SEEK Helps Students Stay on Track
By Sherry Mazzocchi
Baruch College-The Ticker
Judges' note: At the time this appeared, Mark Smiley (B.A. Baruch 2006, M.D University of Pittsburgh School of Medicine 2011) was a household name on the Baruch campus who needed no further introduction to this audience.
Mark Smiley is a familiar face to millions of New Yorkers. A biology major at Baruch, his stellar GPA earned him a $300,000 Jack Kent Cooke Graduate Scholarship to medical school and a place in the pantheon of MTA advertisements that laud CUNY's best and brightest. But what really gives Smiley superstar status is the fact that he was a student in the Search for Education, Elevation and Knowledge program, SEEK, who had never taken a science class in high school.
SEEK Director Dr. Angela Anselmo beamed with pride when she talked about Smiley. In fact, she beams when she talks about SEEK students in general. "He wasn't even supposed to get into Baruch," she said. SEEK students come from the poorest families in the city, some having an income less than $24,000 a year for a family of four.
SEEK is a state program and receives its funding independently from CUNY. Since Baruch no longer offers remedial classes, SEEK students here are in the rare position of getting supplemental instruction in mathematics and reading, beginning the summer before their freshman year.
Students receive help with their financial aid, tutoring and, most valuable of all, a counselor. Anselmo credits the counselors' "hypervigilent" watch over the students, making sure they stay in school and focus on their work, for the success of the program.
Anselmo played a DVD that featured SEEK graduates who are now successful business professionals, lawyers, doctors and scholars. These students have a 98 percent retention rate, much higher than the overall student body retention. "We have wonderful, amazing counselors here," she said. "We are like family."
A family atmosphere pervades the SEEK suite of offices on the second floor of the Vertical Campus. Students seem happy and relaxed as they sit together on the plush sofas and chat. They stream in and out of counselors' offices. They even have the occasional birthday party - complete with cake - for staff members. Jill Rosenberg, SEEK tutorial coordinator, said counselors often act as champions for students, giving them confidence to take risks and succeed. Many of them do not have family members that encourage them to study hard in school, go to college or have a bigger dream of succeeding in life.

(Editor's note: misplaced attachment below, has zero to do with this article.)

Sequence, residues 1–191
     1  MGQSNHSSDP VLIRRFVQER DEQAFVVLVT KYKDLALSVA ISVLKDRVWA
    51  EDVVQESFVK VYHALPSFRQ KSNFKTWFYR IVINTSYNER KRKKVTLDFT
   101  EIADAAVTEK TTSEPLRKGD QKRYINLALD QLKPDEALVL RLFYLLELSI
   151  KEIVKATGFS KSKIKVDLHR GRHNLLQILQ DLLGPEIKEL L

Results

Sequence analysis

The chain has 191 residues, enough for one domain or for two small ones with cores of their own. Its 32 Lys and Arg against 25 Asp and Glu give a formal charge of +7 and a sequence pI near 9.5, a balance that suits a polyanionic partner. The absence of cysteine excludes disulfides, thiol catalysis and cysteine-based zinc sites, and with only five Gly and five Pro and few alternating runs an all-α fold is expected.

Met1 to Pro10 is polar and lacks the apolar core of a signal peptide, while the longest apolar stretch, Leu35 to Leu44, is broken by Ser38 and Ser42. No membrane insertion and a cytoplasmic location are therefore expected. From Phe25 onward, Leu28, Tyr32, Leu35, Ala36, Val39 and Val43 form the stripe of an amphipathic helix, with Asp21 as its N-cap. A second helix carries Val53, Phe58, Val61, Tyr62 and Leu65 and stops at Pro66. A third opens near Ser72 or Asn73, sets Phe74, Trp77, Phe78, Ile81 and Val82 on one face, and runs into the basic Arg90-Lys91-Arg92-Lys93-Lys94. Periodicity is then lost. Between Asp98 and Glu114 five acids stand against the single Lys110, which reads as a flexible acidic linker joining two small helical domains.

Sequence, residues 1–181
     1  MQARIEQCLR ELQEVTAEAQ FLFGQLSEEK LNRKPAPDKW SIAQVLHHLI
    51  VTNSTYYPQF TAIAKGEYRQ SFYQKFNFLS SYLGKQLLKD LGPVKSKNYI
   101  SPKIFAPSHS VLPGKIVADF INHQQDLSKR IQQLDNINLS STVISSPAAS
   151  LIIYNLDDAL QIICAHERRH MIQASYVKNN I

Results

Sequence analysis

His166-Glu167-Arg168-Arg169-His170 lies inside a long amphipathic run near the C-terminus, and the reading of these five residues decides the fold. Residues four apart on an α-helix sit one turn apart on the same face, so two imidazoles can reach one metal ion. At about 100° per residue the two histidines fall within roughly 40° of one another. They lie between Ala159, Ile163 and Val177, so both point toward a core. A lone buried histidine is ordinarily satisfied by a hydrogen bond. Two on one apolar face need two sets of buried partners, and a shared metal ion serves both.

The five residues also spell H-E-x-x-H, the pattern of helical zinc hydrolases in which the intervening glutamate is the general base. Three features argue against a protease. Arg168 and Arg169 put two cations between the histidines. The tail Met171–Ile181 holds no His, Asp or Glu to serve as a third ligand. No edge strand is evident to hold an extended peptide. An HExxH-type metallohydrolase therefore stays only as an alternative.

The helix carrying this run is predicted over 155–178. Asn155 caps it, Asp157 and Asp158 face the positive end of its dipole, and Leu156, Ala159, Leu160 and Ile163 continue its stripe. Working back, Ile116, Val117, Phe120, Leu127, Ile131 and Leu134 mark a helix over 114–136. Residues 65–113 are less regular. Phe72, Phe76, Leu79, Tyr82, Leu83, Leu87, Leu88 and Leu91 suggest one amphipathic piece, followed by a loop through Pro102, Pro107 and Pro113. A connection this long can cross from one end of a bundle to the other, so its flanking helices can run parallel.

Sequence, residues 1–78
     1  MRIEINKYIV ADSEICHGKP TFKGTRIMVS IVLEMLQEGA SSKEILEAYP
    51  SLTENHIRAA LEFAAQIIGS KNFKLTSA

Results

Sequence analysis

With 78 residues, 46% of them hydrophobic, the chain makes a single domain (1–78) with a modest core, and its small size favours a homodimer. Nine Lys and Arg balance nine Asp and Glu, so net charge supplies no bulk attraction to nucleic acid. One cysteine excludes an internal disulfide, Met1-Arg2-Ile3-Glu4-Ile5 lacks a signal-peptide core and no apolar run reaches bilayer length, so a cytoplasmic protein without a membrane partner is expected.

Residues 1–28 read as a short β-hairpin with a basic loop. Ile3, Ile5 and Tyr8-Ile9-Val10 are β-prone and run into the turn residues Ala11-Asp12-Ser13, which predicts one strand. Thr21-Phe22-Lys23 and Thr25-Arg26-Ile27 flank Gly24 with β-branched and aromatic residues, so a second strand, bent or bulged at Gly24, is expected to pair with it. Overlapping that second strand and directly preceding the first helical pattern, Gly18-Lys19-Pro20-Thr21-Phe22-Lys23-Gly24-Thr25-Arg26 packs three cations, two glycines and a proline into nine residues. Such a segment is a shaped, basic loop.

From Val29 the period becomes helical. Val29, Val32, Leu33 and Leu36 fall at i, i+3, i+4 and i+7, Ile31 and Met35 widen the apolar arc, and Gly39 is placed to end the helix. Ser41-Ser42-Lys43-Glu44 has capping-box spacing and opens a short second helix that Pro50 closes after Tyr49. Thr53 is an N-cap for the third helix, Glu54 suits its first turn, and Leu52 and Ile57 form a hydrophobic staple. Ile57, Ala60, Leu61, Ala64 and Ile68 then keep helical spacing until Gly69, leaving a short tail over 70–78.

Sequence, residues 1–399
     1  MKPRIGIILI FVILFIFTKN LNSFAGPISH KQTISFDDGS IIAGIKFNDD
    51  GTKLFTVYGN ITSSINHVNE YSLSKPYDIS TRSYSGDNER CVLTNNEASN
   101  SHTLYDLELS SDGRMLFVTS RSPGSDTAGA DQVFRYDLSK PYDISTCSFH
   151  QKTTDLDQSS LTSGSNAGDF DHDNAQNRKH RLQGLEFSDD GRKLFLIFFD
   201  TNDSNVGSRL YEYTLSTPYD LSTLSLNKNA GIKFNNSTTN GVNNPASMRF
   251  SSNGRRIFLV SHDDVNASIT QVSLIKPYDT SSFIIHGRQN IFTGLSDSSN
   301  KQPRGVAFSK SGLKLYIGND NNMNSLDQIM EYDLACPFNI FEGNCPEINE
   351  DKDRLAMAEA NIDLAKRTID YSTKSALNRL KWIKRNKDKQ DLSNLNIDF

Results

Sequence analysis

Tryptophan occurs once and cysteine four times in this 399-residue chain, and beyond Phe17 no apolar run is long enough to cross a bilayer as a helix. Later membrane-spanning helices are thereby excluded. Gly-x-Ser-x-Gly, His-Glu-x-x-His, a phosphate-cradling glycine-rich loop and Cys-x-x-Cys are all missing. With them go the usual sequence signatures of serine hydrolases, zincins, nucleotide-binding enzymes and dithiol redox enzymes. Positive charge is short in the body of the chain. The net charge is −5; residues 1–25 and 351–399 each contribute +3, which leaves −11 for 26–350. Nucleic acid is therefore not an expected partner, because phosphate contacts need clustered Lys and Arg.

Rosenberg pushes students to achieve their goals. When she listens to some of their more extreme difficulties, her inclination is to tell them to take a break. "But I can't," she said. "They have to keep going." Students have to maintain their academic standing to stay in the program. "This is their ticket out," Anselmo said. "And they only get one chance."
Getting into SEEK at Baruch is competitive, but staying in is just as difficult and not just for academic reasons. Many of these students are not only the first person in their family to go to college, they are the first to speak English. They often act as interpreters for their own parents.
Since their families may lack health insurance, they can spend hours in emergency rooms, seeking medical care for a sick parent or other family member. Some students lack a place at home to study. Their families' incomes are so slender, that they rent out rooms that would have been bedrooms.
One counselor noticed that a student was wearing only a sweater and scarf on a cold January day. When counselor Alvin Zwicker asked him where his coat was, the student replied that it was not his day to wear it. His brother, also a Baruch student, was wearing it that day.
During job fairs at the college, they shared the same suit. While one brother would go downstairs to the gym and interview, the other would wait upstairs for his turn and they would exchange clothes. "Luckily, they were the same size," said Anselmo. She credits the Career Development Center for providing jackets, ties and suits for students who need them during job fairs.
"They face obstacles that you would never think of," Anselmo said. She once asked a computer information systems graduate what was the hardest part of his academic career. Now married with twins and successfully employed at Credit Suisse, he replied, "Not having a computer."
While SEEK students may lack material objects, they are clearly showered with devotion from the administration, counselors and staff. In their conversation, both Anselmo and Rosenberg's refrains are of family, support and dedication. Other non-SEEK students often envy the counseling and advisement these students receive.
Anselmo said SEEK used to have a stigma attached to it, that they were perceived as "poor and dumb." Now, when they attend leadership workshops, they proudly identify themselves as members of SEEK when meeting honor society students.
Rosenberg said this is the reason she started working with SEEK. When teaching a remedial composition course at SUNY's Fashion Institute of Technology, she saw the accelerated pace that students showed when they had someone who took the time with them.
"It was like someone poured water on them," she said, "and they just blossomed."
A student who changed her mind and college than a few times, Sherry Mazzocchi eventually became a journalism major at Baruch College. She is proud to have written for Baruch publications, The Ticker and Dollars and $ense. She graduated from Baruch College in May of 2008.